I was recently pointed by laboussoleestmonpays to a beautiful paper from some time ago,

Aspherical gravitational monopoles. Alain Connes, Thibault Damour and Pierre Fayet. Nucl. Phys. B 490 no. 1-2 (1997), pp. 391-431. arXiv:gr-qc/9611051.

They show that the class of homogeneous mass distributions that is completely monopolar outside of some finite domain (i.e. a lump of homogeneous matter that's confined within some volume $\Omega\subset\mathbb R^3$, but is indistinguishable gravitationally from a point mass located somewhere in that volume) is much broader than simply the spherically symmetric distributions.

Instead, starting with (i) a given centre of mass $\mathbf{x}_O$ and (ii) the outer surface $\Sigma=\partial\Omega$ of the lump of matter, they construct a continuum of homogeneous (but hollow) bodies that are gravitationally indistinguishable from a point mass at $\mathbf{x}_O$, and which is parametrized by the thickness of the shell of material within $\Sigma$.

The principle is actually surprisingly simple. If you have a unit electrostatic charge at $\mathbf{x}_O$ within a connected surface $\Sigma$ acting as a grounded conductor, there is a unique electrostatic potential $\phi_{\mathbf{x}_O}(\mathbf{x})$ that's zero at $\Sigma$ and $\sim 1/|\mathbf{x}-\mathbf{x}_O|$ near the charge. Seen globally, this can be seen as the effect of the negative charge density $\sigma_{\mathbf{x}_O}(\mathbf{x})\propto\hat{\mathbf{n}} \cdot\nabla \phi_{\mathbf{x}_O}(\mathbf{x})$ at the boundary. Similarly, the negative of this surface charge distribution is, from the outside, electrostatically indistinguishable from the unit charge. That's, by itself, a (very thin) aspherical electrostatic monopole.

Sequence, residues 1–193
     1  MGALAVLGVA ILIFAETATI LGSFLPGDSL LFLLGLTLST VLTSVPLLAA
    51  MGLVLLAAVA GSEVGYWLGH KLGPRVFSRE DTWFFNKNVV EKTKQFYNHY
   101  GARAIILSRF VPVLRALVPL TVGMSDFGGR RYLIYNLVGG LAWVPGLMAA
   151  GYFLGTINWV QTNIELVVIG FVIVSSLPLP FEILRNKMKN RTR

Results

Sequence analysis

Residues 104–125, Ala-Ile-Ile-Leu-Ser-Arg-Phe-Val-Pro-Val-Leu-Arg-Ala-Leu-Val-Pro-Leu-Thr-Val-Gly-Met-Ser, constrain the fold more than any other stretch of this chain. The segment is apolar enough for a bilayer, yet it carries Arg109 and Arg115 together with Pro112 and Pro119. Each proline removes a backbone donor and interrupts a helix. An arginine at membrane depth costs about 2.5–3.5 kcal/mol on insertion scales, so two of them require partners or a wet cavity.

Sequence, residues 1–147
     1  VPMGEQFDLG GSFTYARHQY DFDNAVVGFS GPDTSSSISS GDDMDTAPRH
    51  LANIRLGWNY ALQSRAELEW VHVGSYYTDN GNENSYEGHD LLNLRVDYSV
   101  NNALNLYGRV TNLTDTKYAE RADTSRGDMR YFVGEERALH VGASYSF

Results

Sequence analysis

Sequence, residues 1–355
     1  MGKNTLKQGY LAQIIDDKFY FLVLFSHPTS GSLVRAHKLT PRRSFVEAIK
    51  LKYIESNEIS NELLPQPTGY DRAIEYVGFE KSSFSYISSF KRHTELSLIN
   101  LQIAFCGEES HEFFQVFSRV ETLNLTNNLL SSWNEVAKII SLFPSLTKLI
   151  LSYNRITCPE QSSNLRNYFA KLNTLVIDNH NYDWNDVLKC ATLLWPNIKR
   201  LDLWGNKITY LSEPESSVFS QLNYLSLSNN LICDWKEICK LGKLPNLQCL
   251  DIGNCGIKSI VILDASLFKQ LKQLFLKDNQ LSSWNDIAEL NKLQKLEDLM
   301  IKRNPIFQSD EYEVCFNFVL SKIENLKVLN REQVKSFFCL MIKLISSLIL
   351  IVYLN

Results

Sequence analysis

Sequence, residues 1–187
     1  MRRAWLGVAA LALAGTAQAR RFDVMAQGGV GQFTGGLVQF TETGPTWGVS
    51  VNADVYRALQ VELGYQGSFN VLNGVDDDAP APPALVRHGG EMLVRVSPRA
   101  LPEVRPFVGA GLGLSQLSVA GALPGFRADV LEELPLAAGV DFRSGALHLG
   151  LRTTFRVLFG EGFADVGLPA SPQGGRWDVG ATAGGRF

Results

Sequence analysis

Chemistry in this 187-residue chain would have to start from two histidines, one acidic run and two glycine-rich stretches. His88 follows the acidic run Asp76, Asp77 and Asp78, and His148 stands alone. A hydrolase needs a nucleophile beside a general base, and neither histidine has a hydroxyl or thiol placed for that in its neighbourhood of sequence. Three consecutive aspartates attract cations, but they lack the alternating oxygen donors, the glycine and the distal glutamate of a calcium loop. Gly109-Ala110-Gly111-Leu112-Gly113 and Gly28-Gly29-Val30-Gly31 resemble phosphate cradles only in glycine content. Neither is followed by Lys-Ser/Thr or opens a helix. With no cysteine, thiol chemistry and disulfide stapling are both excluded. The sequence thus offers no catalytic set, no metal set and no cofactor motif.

Connes et al. then go on to describe, in quite some mathematical detail, a process of "deposition" of mass on the inside of the shell that makes up progressively thicker shells that are, still, indistinguishable from the outside from a point mass.

However, their paper contains few specific solutions, and I'm quite curious to know what these aspherical monopoles could look like in their "thick" versions. (Connes et al. only treat thin planes, spheres and cylinders.) Looking at the citing articles on Google Scholar yields very little that looks promising. Has this been explored in the literature? In general, how do these bodies look like? I'm looking to gain some intuition into their general behaviour and properties. How do thick shells look like, say, for taking $\Sigma$ to be a sphere, or a box, or an ellipsoid?


1 Answer 1


(this is a partial answer)

One example is the preceding work

Barrett, J. W. "The asymmetric monopole and non-newtonian forces." Nature 341.6238 (1989): 131-132. doi:10.1038/341131a0

which is Ref. 13 in the Connes et al. paper.

This paper contains one example of asymmetric monopole produced by rotating figure shown about the horizontal axis passing through the center of mass.

enter image description here

The figure was (apparently) obtained by adjusting spherical harmonics coefficients to nullify multipole moments (and outer curve is not a circle).


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